If you're keeping track of the war through American media outlets, it's hard to tell the difference between CNN and Al Jazeera. The picture the media paints is that we don't have enough troops in Iraq, we're getting bogged down, Iraq is having unexpected success against our forces, the supply lines are inadequate, the coalition is losing a lot of soldiers, and we're killing a lot of innocent Iraqi civilians. Even the traitorous MSNBC journalist, Peter Arnett, is giving interviews to Iraqi television claiming that the original war plan has "failed" and is being redrawn. Not a pretty picture.
But the picture is not accurate. The media has done plenty to promote Saddam's message of civilian casualties and strong Iraqi resistance, but they are also trying to turn a progressive, boring military effort into something worth watching. Unfortunately, they have chosen to create a sense of failure around a very successful military effort, and it could have serious consequences for our troops.
The Bush administration made an error in judgment by allowing such unfettered media coverage of this military action against Iraq. They should have taken a lesson from the first Gulf War in 1991. Small skirmishes are being reported as major battles. Four or five coalition soldiers killed or wounded are reported as major casualties. A dozen civilians killed by an errant missile are held up as proof of America's callous and bloodthirsty approach to the conflict.
For those of you who have serious concerns about how this war is going, try to keep things in perspective. Try to remember that we've only been at war for about a week. President Bush mentioned on more than one occasion before the start of this conflict that the war would not be short, so it is amazing that the media party line is that Baghdad should be in coalition hands by now. Does anyone remember how long it took us to conquer Baghdad in the 1991 Gulf War? No? Well, that's because we never did make it to Baghdad during Desert Storm. And that was after forty days of bombing. So we're actually closer to taking Baghdad after one week of fighting today than we were after one month of fighting in 1991.
I honestly don't know how close we are to meeting the original objectives of Operation Iraqi Freedom. Then again, neither does anyone in the media, including the "military experts" who give their opinions. Only the top brass knows the real plan, so everything else is pure speculation and should be treated as such. Are you listening, Peter Arnett?
The only way an outsider can measure the success of this conflict right now is to put it into context with our most recent conflicts in Afghanistan, Kosovo, and Desert Storm 1991.
Does the word "quagmire" ring a bell for anyone? After a couple of weeks fighting the Taliban in Afghanistan, most media outlets were questioning our success and began comparing the conflict to Vietnam. While we have now successfully crushed the Taliban and have Afghanistan under control, it took several weeks to accomplish this task. And the Taliban certainly had a small fraction of the military force possessed by Saddam Hussein. Why would we expect to defeat Iraq in a week when it took several weeks to defeat the lowly Taliban?
Defeating Slobodan Milosevic also took over two months to accomplish. We had a large coalition of forces, thousands of missiles, and superior military strength, but it was still a very difficult task that took a great deal of patience and killed up to one thousand innocent civilians. The battle over Kosovo was a complete failure using the standards we currently see in the media today.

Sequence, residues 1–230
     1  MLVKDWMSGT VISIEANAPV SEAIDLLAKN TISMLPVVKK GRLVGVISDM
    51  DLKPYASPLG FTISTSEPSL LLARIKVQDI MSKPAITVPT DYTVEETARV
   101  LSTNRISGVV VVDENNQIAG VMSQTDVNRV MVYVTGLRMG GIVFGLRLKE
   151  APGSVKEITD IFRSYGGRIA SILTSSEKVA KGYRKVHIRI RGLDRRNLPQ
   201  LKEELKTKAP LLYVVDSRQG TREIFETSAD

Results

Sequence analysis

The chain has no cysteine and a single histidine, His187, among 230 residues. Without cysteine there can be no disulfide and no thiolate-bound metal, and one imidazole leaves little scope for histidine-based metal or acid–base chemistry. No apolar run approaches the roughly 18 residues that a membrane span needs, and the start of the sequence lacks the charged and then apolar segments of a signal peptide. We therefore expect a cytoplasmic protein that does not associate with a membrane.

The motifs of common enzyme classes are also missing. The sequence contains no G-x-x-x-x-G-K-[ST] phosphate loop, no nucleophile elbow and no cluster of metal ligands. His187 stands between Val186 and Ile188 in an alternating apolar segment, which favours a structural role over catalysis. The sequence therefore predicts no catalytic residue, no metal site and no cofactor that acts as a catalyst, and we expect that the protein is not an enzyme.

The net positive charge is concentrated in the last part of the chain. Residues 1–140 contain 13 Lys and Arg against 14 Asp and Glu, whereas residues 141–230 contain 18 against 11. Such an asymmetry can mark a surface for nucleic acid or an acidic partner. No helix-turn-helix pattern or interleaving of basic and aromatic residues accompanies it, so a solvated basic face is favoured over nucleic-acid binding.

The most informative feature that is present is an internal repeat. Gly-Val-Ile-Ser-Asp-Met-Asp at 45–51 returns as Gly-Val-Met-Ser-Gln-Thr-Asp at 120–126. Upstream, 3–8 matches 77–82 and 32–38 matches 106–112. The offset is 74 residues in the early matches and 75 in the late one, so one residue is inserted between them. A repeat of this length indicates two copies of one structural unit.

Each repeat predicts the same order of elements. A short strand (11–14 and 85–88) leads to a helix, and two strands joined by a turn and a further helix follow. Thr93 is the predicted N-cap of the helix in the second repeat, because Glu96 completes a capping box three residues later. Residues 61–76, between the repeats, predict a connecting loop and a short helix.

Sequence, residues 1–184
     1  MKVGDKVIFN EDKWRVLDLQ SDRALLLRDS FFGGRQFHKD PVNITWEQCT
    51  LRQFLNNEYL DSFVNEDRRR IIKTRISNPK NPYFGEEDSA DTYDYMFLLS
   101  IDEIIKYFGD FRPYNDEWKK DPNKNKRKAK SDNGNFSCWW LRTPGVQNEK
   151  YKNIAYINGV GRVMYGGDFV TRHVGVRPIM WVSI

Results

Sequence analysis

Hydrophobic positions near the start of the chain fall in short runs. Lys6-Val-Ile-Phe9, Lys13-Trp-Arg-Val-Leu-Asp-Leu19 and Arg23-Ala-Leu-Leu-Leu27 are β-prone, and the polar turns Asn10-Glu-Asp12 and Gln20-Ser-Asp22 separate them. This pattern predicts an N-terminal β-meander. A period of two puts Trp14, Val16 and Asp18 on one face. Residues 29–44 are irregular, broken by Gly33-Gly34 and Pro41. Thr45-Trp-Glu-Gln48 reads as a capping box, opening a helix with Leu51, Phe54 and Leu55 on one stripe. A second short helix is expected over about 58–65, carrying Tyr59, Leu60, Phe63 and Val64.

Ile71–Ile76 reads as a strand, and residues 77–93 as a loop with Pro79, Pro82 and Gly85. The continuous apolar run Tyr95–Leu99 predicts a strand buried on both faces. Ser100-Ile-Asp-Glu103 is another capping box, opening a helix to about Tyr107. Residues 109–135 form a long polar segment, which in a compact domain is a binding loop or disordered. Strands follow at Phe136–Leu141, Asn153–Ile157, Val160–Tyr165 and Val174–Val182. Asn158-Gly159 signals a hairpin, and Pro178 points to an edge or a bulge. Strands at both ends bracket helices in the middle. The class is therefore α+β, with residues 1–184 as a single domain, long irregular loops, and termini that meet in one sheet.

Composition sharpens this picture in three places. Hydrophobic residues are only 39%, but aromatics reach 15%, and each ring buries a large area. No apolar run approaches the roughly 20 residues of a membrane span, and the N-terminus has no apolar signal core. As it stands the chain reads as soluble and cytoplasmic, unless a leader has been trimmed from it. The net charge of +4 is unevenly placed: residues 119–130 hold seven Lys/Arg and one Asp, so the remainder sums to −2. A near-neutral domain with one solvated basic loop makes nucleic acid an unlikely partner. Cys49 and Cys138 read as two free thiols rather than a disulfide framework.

And what about the first time we took on Iraq? We attacked for forty-plus days and obviously didn't even come close to getting the job done. In retrospect, we left far too much of Saddam's military power intact, including weapons of mass destruction. Keep in mind that we lost approximately 300 soldiers in the first Gulf War conflict without ever even reaching Baghdad. So far this time around, we have lost fewer than 50 American lives and are knocking at Saddam's door after only a week. And more than 20% of those casualties weren't even due to enemy combat.
Based on the accomplishments in Iraq so far, operation Iraqi Freedom can be considered nothing less than a raging success in its first week. Sitting fifty miles outside of Baghdad after one week of fighting can hardly be considered a failure or cause for concern. If our battle plans have failed, I hope to see many more "failures" in the near future.
If you still think things are not going well, look at the statistics outlined below. While it is still too early to judge the overall success of Operation Iraqi Freedom, the numbers certainly don't give cause for alarm or concern at this stage.
Desert Storm 1991 - Approximately 148 killed by enemy action (300 total killed), and 467 wounded. Up to 5,000 civilian casualties.
Kosovo - No American combat casualties, but no ground troops used. 500 - 1,500 civilian casualties
Afghanistan - Approximately 45 Americans killed. 1,000 - 1,500 civilian casualties
Iraqi Freedom 2003 - Less than 50 Americans killed so far and approximately 125 wounded. Total civilian casualties uncertain, but estimated at between 100 and 400 so far. Some casualties may have actually been caused by Iraq. Also, keep in mind that these civilian casualties pale in comparison to the hundreds of thousands of civilian deaths caused by the current Iraqi regime.
Length of Conflict
Desert Storm 1991 - Approximately 40 days before a cease-fire agreement
Kosovo - 78 days of bombing to achieve a cease-fire, not complete control
Afghanistan - Almost three months to topple the Taliban regime
Iraqi Freedom 2003 - Less than two weeks so far, and coalition troops effectively control almost half of the country.